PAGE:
Product Review: Page (1) of 2 - 07/07/05 Email this story to a friend. email article Print this page (Article printing at page facebook

Alias SketchBook Pro 2.0

By John Virata

Alias SketchBook Pro 2.0 can best be described as an artist, designer, and illustrator tool for sketching, painting, and drawing by stylus. It is an application that is specifically designed for users of Tablet PCs or those who work with Wacom graphics tablets. The cross platform tool, first released at the end of 2002 has received an update to version 2.0. Within this first look, we'll take a look at some of the new features to this very cool and inspiring application.

SketchBook Pro's interface has always been clean and spartan, with just six main tool icons, each of which holds a host of other tools that are accessed via the stylus. It is akin to a digital painter's palette in that it can be placed in the lower left or right corner of the screen. The tools include interface controls, tools and views, brushes, colors, edit, and files.

Main interface is uncluttered

Accessing each tool within the main tool icons involves clicking that icon and dragging the cursor to the desired tool, brush, color, command, or file that opens up with your cursor pressed on the icon. Undo and redo icons stay floating on the main tool palette and remain there at all times. The Swap between Last Two Brushes tool has bee relocated to the Brush marking menu, and the custom colors tool can be accessed by clicking the current color icon, which sits right below the current tool icon in the main tool palette. These, like the undo and redo icons, remain in view at all times as well.

New Features
Alias has added some new features to SketchBook Pro. One of the most requested is support for exporting files to Adobe Photoshop in the PSD file format. Once you are finished with your file in SketchBook Pro 2.0, saving out to Photoshop PSD format is as simple as selecting File > Save a copy as, and choosing the psd file format.

Brush improvements including Custom Brushes
There are eight main brushes in SketchBook Pro, as well as a global eraser tool. The main brushes include a ballpoint pen, marker, paintbrush, pencil, chisel tip pen, smear, and air brush. Each of the brushes can be resized by either holding down the B key as you drag the brush across the tablet, or selecting the Brush properties in the palette and resizing the brush via the slider. Each of the brush's properties are unique to that particular brush. For example, if you are working with the Chisel tip pen and want to resize it, you can choose to adjust the size of the pen as well as the slant.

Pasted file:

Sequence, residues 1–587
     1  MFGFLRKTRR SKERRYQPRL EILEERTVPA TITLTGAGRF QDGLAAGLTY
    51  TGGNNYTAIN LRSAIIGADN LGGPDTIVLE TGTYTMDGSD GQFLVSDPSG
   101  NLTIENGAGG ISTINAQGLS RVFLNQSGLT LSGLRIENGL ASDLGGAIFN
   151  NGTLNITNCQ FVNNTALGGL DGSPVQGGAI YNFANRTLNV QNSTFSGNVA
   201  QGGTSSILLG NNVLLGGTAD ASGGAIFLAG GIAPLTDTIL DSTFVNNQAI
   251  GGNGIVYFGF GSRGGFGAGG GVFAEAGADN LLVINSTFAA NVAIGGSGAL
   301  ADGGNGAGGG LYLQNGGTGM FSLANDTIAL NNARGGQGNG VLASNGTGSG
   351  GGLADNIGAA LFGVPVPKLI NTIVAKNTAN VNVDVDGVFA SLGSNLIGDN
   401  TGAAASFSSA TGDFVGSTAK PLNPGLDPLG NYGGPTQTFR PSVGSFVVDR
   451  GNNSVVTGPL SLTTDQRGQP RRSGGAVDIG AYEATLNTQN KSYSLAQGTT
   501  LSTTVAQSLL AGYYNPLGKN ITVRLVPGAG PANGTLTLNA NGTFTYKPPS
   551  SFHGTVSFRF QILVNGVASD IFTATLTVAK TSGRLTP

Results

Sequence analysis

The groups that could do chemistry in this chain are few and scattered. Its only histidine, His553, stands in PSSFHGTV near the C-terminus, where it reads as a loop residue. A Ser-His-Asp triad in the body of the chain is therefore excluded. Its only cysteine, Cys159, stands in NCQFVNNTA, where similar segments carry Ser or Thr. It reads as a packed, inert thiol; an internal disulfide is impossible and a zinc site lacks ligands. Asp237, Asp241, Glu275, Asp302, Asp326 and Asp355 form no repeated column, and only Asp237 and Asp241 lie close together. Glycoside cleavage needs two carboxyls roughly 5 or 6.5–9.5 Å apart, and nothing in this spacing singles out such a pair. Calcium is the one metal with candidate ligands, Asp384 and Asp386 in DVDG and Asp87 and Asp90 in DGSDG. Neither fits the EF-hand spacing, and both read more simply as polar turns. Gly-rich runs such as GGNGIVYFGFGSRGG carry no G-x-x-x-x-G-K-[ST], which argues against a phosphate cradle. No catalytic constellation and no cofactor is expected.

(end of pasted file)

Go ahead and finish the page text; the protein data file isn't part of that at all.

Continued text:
Brush size and opacity is adjusted in the Brush Properties window.

In addition, you can create your own do-it-yourself brushes based on the seven main brushes. To do this, you click the down arrow in the tool brush bar to show brushes Click the new do-it-yourself Brush icon and the window opens. You then select a brush that you want your custom brush to be based on. SketchBook Pro will create a new icon in the Custom brush window. Click on it and you can then customize the brushes parameters. For example, when creating a new paintbrush, you can tweak the parameters, via sliders or percentages.

You can now create your own brushes

You can customize a brush with the following tweaks: Size with Heavy Pen Pressure, Size with Light Pen Pressure, opacity with Heavy Pen Pressure, Opacity with Light Pen Pressure, Roundness, Slant, Stamp Spacing, and your choice of Brush Edges, including Soft Edges, Solid Edges, and Hard Edges. You can then give your brush a custom name. You can then resize your brushes via the Resize brush tool.

Resize Brush tool. Drag your stylus in the circle to resize the brush.

This tool is located at the top of the Brush Palette. Click on it and it appears outside the Brush palette as a floating tool. and enables you to resize any brush simply by holding down the B key on your keyboard and dragging your stylus in the resize palette. A number will appear on on the screen and you can reduce and enlarge the number (and size of the brush) by dragging back and forth in the Resize Brush Tool palette. You also get a visual representation of the resized brush as well. The eraser tool is resized in the same fashion. 

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